I have devoted many days in the past to thinking about social upheaval in general, because this is a topic traditionally hot in Russia, and over time, I have observed more and more of public protests happen — not outside my windows, thankfully, but in the media and on the police airwaves. And if they taught me something, it is that the current elite have learned to quietly ignore them. Elites aren’t really concerned about public opinion unless they hold themselves to a certain moral standard of behaviour, which is only possible if they recognise themselves as a united class, with a defined role in society and answerable to the people at least in a certain way. Elites which aren’t united can ignore any displays of opinion wholesale, because they can think these don’t apply personally to them. Public protests do not amount to anything — everyone who could do something that could hurt the elite, already did so, everyone who could remove themselves from the situation, already did so. Everybody else doesn’t matter.

Strangely, the situation in Second Life is remarkably similar. Everybody who is actually ready to remove themselves from Second Life, already did. Second Life’s attraction is not in it’s nature, it’s in other people who create content and provide interaction — nothing Linden Labs create as such is keeping you inworld, and if everything that the residents created were suddenly to vanish, — and hey, that includes the current default avatars! — Second Life would not be able to compete with any other pursuit. As long as the entire mass of residents remains in place, moving to a different virtual world system is not a rational course of action for any resident as long as they consume content, produce content, or interact. And if they don’t, chances are they moved already.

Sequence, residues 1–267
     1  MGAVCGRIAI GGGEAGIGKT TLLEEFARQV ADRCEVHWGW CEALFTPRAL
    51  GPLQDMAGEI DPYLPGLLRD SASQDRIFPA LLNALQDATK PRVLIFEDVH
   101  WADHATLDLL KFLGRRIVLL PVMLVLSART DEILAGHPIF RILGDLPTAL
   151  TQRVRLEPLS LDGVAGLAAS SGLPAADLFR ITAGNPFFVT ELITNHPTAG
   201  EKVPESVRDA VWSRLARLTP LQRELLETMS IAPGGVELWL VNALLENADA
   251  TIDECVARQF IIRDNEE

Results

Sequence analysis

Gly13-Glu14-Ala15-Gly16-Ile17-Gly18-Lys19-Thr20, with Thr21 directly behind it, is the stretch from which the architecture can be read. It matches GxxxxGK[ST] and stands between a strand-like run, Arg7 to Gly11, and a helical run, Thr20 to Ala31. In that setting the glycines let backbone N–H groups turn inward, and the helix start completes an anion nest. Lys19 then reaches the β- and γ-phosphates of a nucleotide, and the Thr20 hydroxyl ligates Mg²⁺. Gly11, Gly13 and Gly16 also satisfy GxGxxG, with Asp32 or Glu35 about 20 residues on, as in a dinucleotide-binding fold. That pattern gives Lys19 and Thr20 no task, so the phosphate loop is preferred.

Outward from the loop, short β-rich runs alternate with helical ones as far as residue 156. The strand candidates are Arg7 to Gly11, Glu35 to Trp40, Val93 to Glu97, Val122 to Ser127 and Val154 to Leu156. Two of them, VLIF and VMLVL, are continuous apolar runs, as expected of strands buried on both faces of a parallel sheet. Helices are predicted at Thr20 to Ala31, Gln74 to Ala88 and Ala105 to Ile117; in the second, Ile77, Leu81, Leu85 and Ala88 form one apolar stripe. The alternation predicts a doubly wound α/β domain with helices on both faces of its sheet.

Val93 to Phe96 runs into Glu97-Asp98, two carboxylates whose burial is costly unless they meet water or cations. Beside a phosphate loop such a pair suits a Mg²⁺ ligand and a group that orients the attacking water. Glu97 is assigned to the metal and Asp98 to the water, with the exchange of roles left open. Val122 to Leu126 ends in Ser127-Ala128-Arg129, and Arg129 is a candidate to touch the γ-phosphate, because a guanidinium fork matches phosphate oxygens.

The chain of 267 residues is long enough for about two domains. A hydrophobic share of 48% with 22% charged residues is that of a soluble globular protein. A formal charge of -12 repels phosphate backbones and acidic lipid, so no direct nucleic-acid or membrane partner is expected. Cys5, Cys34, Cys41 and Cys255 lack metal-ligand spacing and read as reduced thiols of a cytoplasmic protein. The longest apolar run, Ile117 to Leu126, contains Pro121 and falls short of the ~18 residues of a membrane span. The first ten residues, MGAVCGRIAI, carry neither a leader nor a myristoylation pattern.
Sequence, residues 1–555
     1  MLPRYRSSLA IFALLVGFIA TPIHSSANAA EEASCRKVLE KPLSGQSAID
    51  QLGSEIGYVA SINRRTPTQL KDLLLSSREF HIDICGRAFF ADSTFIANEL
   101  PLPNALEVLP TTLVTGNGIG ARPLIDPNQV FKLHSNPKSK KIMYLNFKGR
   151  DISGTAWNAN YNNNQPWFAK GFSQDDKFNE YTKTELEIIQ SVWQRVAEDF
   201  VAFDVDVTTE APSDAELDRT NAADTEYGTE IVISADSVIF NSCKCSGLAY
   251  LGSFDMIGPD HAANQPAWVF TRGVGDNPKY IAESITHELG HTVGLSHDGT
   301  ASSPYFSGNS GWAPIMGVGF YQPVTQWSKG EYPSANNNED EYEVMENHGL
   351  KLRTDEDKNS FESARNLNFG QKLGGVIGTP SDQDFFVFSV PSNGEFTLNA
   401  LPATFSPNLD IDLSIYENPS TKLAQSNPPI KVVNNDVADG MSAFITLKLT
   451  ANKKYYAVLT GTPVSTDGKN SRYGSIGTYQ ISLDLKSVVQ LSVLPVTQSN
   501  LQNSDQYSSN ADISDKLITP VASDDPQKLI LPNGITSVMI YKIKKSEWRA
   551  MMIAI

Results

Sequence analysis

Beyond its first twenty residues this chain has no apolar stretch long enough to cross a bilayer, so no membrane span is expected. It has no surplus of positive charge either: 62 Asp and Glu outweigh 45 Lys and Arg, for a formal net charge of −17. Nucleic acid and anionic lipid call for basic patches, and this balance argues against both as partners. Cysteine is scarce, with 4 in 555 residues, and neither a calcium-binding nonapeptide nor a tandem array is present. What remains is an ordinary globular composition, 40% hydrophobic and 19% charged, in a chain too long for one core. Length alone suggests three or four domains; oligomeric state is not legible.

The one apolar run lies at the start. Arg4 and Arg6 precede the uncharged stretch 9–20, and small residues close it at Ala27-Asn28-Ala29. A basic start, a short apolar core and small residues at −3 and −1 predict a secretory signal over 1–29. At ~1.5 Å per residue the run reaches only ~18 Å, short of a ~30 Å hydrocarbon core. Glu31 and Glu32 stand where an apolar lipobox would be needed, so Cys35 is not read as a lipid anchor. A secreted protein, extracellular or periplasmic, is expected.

Your opinion therefore doesn’t really matter — you can’t leave, unless you all agree to leave en masse, which, for such a large mass of users, is largely impossible. It will only be accepted by Linden Labs as an incentive if they were to consider themselves a united elite which is in some way accountable before the rest of the users, which is clearly not the case.

Some very different form of protest is in order if you want any kind of change.

What does matter to Linden Labs as a whole is anyone’s guess, because, as I’ve said above, there is no observable whole. (See the two openspaces built up by moles as an example.) There are some things that matter to people who give orders, though. Remembering the ageplay debacle, bad press — traditional media, not the innumerable blogs of ours — is valued very highly in their eyes, and can cause immediate action. Legal disputes, as well, could be leverage.

There has to be something I’m not thinking of, though, admittedly, I’m not thinking very hard about the issue.

But I’m fairly definite that walking around in T-Shirts saying “Fuck you LL” won’t amount to much.


It just occured to me…

So before I runcrawl away for work, I’ll make a short post.